he Indiana General Assembly approved legislation Wednesday night that allows to place wagers on professional and college sports as soon as September 1. The bill was approved by a 59-36 vote in the House and a 37-12 vote in the Senate, and now heads to Gov. Eric Holcomb, who can sign it into law, veto it or let it become law without his signature.
A provision legalizing sports betting could allow any of the state's casinos, racinos or satellite locations to apply to offer wagering on all but amateur or high school sports in addition to video games. Sports wagering in casinos and on mobile devices for people age 21 and older would be legal, and gambling could take place from anywhere in the state on mobile devices.
A different bill passed the Indiana Senate in February, but the Indiana House voted to allow sports betting only at casino sites. On Wednesday, the revised House Bill 1015 gained the approval of both the House and Senate - with mobile wagering included. After Gov. Eric Holcomb receives the bill, he will have seven days to make the final decision.
The proposed compromise would allow the Indiana Gaming Commission to issue regulations and start approving casinos for sports wagering beginning July 1, according to The Associated Press, with a 9.5 percent tax on sports wagering. Legalized sports betting in the state could start as early as this fall, if it is signed into law by Holcomb.
Eight states - Nevada, New Mexico, Mississippi, West Virginia, Delaware, Pennsylvania, New Jersey and Rhode Island - currently offer full-scale legalized sports gambling. Several additional states have passed bills.
House Bill 1015 moves up the state's 2021 date for permitting table games with live dealers at the two central Indiana horse track casinos in Anderson and Shelbyville, and increases the number and type of facilities a gaming operator can own from two casinos to six casinos and racinos.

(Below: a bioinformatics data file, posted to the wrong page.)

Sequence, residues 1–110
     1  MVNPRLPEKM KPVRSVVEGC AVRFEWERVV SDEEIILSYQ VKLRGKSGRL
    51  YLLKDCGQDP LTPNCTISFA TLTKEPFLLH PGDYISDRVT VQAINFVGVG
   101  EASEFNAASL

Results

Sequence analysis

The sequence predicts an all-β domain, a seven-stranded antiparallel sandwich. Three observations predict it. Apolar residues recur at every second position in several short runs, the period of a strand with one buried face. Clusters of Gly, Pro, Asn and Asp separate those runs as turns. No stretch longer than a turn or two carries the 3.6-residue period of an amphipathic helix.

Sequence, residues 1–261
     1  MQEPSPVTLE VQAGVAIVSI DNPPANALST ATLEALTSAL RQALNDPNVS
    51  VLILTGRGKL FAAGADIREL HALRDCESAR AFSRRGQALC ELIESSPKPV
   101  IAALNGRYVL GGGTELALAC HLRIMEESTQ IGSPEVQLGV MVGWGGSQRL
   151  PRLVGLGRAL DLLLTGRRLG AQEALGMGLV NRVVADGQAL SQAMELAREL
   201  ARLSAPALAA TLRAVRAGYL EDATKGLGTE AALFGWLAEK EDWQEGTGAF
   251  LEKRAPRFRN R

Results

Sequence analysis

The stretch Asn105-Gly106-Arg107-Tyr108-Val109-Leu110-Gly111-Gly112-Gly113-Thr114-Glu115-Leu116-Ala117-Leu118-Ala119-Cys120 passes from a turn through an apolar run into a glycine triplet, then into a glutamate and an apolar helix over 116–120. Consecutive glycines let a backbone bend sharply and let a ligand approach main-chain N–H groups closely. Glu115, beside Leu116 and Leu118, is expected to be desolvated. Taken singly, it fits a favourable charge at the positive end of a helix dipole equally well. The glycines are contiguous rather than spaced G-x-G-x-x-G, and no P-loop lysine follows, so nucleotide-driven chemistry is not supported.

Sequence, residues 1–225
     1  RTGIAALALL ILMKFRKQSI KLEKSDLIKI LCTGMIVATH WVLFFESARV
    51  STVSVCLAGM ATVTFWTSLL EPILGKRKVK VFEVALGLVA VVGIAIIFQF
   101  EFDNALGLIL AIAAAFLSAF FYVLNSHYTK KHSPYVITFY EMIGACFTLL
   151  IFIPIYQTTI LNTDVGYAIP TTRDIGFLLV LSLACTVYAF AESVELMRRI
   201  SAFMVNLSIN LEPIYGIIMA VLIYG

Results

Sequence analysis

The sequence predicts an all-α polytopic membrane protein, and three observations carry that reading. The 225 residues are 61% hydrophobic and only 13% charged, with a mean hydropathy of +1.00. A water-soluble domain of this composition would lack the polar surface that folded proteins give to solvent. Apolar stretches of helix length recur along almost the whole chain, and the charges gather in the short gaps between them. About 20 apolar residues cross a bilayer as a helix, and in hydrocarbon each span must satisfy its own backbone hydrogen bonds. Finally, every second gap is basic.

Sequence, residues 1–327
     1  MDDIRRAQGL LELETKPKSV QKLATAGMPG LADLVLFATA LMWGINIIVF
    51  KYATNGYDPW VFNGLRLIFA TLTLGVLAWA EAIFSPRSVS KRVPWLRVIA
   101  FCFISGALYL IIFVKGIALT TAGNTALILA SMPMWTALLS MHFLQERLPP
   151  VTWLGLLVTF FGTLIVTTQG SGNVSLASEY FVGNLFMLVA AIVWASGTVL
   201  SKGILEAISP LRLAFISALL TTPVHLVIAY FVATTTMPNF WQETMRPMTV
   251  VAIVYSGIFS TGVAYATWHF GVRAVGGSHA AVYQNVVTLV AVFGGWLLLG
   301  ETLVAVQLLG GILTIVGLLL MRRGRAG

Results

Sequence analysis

It also allows Spectacle Entertainment to move one of its two recently purchased Gary licenses miles away from Lake Michigan to a more heavily traveled area. In doing so, the casino operator would have to give up its second license, which would go to Terre Haute. The company could later bid against competitors to win it back. Spectacle must relocate one license within Gary in order for the other to move to Terre Haute.
But in a decision that was criticized by some Republican and Democratic lawmakers, the legislation would still only require Spectacle Entertainment to continue to pay taxes as if the operator owned two smaller, lower-revenue-producing riverboat casinos, which could result in tens of millions of dollars in savings.
Spectacle would also be able to operate just as many games at its future inland casino as it has been able to at its two riverboat casinos combined, making it potentially the largest casino in the state.